Monday, 11 January 2016

David Bowie - The Starman

Like everybody else in the known universe I was stunned by the news this morning that David Bowie had died. He turned 69 on Friday and released his 'Blackstar' album, and then died of cancer on Sunday and we are told on Monday morning. Three years ago I heard 'Where Are We Now', the single that signalled Bowie's return dropped out of nowhere via the 'Today' programme on Radio 4 and that's how I heard of his passing this morning. Once again, the lead story at 7am. And then the news was full of tributes, of shock, and so was Twitter and Facebook. The news drowned out everything else. And rightly so. His passing was noticed.

I first met David Bowie in 1972 with his magical appearance on 'Top of the Pops' singing 'Starman' with his Spiders from Mars. I'd heard that odd song before but never seen the singer and suddenly there he was. There wasn't much else for a 12 year old to do in 1972 other than the Thursday ritual of 'Top of the Pops'. And this strange creature, this alien, was singing about aliens. But where was his long hair and flares? He had relatively short spiky hair and skintight trousers - as everyone knows pop stars had long hair and flares in those days so what was going on? And what was that weird, colourful costume all about? That's not how pop stars dressed. Then he pointed straight into the camera and sang, 'So I picked on you' and he was pointing straight at me. At me! And at a million other youngsters gawping at this new life form.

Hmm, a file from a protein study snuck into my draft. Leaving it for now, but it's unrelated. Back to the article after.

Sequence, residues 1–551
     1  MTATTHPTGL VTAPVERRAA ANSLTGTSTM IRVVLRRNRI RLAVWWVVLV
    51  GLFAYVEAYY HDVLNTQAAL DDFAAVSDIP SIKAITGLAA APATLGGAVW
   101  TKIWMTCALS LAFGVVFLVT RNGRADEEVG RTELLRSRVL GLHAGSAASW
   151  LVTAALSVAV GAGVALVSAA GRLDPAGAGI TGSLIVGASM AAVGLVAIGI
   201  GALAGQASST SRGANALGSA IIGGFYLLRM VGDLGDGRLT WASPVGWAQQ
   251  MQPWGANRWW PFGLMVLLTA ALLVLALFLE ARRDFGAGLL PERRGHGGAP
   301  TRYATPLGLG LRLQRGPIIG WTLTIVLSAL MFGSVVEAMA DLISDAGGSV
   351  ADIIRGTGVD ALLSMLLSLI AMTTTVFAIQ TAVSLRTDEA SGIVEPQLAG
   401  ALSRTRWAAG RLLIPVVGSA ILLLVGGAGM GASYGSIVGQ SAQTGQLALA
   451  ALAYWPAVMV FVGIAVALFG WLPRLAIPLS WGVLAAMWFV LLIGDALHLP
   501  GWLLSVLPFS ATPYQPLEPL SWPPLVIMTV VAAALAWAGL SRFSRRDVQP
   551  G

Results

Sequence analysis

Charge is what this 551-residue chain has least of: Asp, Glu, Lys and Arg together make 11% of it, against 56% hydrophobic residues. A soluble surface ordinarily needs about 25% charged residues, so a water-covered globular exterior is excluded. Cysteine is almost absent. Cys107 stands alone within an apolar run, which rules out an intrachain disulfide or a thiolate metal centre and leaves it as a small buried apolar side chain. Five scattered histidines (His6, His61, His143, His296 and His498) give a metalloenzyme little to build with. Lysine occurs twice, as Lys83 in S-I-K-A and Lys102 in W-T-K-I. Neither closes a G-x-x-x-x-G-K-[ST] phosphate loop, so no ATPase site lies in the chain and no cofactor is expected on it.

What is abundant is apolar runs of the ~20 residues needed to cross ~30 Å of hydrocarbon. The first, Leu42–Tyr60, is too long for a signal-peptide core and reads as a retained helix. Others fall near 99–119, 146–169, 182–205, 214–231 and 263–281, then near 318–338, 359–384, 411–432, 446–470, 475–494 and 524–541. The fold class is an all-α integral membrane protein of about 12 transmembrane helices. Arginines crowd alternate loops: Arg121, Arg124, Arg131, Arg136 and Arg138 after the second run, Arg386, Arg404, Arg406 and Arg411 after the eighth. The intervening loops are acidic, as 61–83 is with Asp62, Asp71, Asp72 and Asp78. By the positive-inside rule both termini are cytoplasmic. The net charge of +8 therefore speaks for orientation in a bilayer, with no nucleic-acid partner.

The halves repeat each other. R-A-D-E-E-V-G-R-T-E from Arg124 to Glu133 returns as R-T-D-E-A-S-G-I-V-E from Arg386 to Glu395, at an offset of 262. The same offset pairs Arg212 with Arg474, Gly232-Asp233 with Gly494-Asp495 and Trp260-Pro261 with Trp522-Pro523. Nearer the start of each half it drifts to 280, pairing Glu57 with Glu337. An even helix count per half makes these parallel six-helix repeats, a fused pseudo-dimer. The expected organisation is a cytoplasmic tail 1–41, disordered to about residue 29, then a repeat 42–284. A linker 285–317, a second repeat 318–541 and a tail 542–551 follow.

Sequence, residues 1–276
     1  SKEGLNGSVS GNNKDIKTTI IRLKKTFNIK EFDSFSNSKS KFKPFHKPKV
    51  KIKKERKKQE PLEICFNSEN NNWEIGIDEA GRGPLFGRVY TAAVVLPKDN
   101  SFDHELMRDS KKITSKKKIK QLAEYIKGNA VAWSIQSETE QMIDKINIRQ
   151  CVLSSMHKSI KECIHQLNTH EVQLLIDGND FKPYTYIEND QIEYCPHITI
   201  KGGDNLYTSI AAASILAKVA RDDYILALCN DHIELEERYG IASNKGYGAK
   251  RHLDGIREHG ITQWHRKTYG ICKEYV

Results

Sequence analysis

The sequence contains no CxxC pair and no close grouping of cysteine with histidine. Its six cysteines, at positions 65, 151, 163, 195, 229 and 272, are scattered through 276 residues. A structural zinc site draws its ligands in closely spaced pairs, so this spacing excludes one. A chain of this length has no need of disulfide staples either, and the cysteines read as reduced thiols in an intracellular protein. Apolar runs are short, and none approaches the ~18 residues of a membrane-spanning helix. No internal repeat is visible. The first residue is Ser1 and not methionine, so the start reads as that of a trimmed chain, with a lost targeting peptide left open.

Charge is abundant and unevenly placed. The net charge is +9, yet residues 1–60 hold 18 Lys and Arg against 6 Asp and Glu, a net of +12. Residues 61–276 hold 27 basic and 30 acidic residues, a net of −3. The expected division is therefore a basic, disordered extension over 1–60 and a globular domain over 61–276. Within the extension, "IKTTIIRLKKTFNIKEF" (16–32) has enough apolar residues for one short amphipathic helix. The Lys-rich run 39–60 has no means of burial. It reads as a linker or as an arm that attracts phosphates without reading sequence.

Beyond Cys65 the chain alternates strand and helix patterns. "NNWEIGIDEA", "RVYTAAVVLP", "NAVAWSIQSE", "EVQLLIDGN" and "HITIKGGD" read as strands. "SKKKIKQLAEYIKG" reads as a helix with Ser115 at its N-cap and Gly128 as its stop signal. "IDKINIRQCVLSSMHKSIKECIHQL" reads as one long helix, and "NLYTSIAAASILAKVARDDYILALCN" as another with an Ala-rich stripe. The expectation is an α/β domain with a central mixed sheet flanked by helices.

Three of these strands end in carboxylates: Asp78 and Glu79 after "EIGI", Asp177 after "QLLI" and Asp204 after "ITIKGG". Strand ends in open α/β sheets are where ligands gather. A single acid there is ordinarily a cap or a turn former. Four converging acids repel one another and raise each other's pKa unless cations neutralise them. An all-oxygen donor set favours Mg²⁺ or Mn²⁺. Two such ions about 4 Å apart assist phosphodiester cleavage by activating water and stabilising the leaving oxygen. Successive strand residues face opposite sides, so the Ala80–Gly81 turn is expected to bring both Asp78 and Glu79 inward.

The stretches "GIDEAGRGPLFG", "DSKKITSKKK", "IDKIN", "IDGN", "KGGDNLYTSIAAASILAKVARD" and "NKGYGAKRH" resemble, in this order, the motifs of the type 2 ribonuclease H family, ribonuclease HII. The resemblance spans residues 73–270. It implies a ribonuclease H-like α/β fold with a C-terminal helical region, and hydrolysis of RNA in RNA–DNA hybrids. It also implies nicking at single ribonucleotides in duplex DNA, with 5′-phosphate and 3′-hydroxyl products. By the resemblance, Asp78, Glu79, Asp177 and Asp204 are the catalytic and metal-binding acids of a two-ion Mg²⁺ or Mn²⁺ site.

The strange thing was that almost overnight the weird kids at school, the loners and misfits suddenly had an icon, a something and someone to look up to and emulate. They could look across the school playground and increasingly start to see likeminded individuals as haircuts and clothes changed. And eventually became cool. He introduced new ideas and alien thoughts - what was 'Queen Bitch' and her bippity-boppity hat all about let alone knitting underwear from hair, where did that come from? The first wave of punks almost universally were Bowie fans and look what they did.

Of course, all that the newspapers noticed was that David put his arm around Mick Ronson's shoulders and now that's in the cultural history books. I never really noticed that at all - didn't we all do that in the school playground every day and haven't footballers done it forever? But that's what was picked up and outraged people. Aren't grown ups funny things really?

Another moment was in 1984 or '85 when I was getting the coach from London to Newcastle for the Christmas break and the bloke sitting beside me had one of those new-fangled Sony Walkmen things. It's a long drive to Newcastle and he asked if I'd like to listen to an album and put on 'Let's Dance ' and gave it to me. I hadn't heard the album before, just the singles, so it was magical to listen to a whole album without DJs interrupting or anything. You could now carry your own music around with you wherever you go. That's when I decided I wanted my own music machine, no, not wanted, *needed*. So I bought one after Christmas and I've carried music around with me ever since.

I didn't buy all of his albums by any means. I think the last was 'Scary Monsters' and then I seemed to like the lead singles from subsequent albums but not enough to buy the albums. It was 'Earthling' in the late '90s that got me to buy an album again. It might have even been an appearance on 'Top of the Pops' that made sure I was aware that there even was a new album and I liked the driving sound of the music. I got subsequent records following that and started exploring the unknown back-catalogue of nearly two decades. It was lovely to see the Union Jack coat that Bowie wore of the cover of 'Earthling' and on stage at the 'David Bowie Is' exhibition.